One of the things I love about genre fiction is its lack of fear for new ideas. I recently came across an author who embodied this fearlessness. Dave Sivers has blended two seemingly unrelated genres to create crime fantasy novels. I haven’t come across this particular blend before and so I had to talk to him about it!
First things first: thanks for subjecting yourself to my third degree!
Thanks for inviting me! I’m always grateful for opportunities to talk about my work and about writing in general.
You’re two books into the Lowmar Dashiel series. Could you tell us a little about them?
Sure. Dashiel calls himself a personal inquisitor, a profession he invented when he was down to his last few coins. He never looked back. He’s what crime fans would recognise as a private eye, but his world is one of demons, dwarfs, sorcerers and swords. He has an irascible dwarf sidekick named Grishen.
In the first book, A Sorcerer Slain, the head of the Sorcerer’s Guild has been murdered and his named successor, Zarna, is the prime suspect. The Guild regulates magic use in the kingdom of Balimar, and the death of its head, and lack of a natural replacement if Zarna is convicted and executed, will spark a terrifying new sorcerers’ war. Because everyone in the ‘establishment’ has an agenda, the King himself asks Dashiel to investigate. What the King does not know is that Zarna is the love of Dashiel’s life, and he will do anything to save her.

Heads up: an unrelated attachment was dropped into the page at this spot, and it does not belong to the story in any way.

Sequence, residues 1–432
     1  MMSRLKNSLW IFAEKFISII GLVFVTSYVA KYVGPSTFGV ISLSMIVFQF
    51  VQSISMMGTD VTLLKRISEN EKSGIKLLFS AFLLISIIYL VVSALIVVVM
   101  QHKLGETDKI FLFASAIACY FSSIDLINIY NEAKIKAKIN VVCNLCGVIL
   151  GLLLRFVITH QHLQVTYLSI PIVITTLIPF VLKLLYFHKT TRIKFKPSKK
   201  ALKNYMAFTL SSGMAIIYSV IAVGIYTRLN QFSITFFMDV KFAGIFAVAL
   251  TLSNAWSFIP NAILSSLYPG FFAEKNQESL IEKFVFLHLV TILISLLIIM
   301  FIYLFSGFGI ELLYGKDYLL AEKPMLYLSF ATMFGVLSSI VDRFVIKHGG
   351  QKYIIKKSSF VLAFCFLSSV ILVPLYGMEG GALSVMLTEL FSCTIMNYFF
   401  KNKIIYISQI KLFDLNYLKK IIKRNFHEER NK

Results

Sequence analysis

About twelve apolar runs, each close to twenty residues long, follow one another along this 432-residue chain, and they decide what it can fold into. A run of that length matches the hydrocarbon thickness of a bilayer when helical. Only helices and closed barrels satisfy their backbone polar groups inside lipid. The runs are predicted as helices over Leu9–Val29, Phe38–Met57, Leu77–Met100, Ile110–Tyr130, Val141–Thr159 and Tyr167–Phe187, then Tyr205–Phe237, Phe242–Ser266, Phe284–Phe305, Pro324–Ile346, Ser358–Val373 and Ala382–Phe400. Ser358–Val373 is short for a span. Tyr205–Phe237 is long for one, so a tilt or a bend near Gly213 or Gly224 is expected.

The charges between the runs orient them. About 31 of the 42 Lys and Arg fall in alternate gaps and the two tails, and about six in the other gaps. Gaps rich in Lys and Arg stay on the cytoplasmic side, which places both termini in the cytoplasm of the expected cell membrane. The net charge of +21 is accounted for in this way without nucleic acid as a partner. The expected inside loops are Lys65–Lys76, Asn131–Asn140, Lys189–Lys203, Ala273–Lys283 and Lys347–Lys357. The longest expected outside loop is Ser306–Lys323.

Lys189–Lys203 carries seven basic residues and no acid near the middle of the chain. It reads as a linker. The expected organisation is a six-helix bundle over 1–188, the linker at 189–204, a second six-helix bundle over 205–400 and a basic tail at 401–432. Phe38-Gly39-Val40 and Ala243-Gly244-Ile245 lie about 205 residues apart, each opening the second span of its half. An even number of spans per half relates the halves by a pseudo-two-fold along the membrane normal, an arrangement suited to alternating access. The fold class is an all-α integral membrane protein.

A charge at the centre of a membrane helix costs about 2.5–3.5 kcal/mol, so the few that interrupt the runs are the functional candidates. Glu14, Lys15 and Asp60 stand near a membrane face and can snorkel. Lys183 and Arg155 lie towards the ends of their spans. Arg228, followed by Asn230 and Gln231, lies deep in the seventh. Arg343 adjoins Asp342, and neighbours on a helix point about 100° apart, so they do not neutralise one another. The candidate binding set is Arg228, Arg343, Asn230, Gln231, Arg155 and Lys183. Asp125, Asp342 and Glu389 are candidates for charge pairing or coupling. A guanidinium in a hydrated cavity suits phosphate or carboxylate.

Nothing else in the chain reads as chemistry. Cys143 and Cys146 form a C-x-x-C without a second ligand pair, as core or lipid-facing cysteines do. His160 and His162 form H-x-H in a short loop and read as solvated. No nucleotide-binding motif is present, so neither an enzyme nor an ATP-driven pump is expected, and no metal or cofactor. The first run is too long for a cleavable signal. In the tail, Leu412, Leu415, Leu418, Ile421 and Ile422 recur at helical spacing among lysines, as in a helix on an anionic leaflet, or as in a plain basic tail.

The sequel, Inquisitor Royal, is a much darker book in many ways. In Sorcerer, Dashiel travels to other parts of the kingdom looking for answers, whereas this book is firmly fixed in Balimar’s capital, Andruan. As a consequence, there’s a much more claustrophobic feel, to which the city’s seedier areas and labrynthine alleyways contribute. Once again the King seeks Dashiel’s assistance, this time with two cases: a sadistic maniac is preying on the city’s dwarf population; and a mysterious assassin is stalking the royal family. If that wasn’t enough, there is an attempt on Dashiel’s own life, which might be linked to one of the cases, or could be one of his many enemies seeking revenge.
How did you come to combine crime and fantasy genres? They don’t seem like natural bedfellows.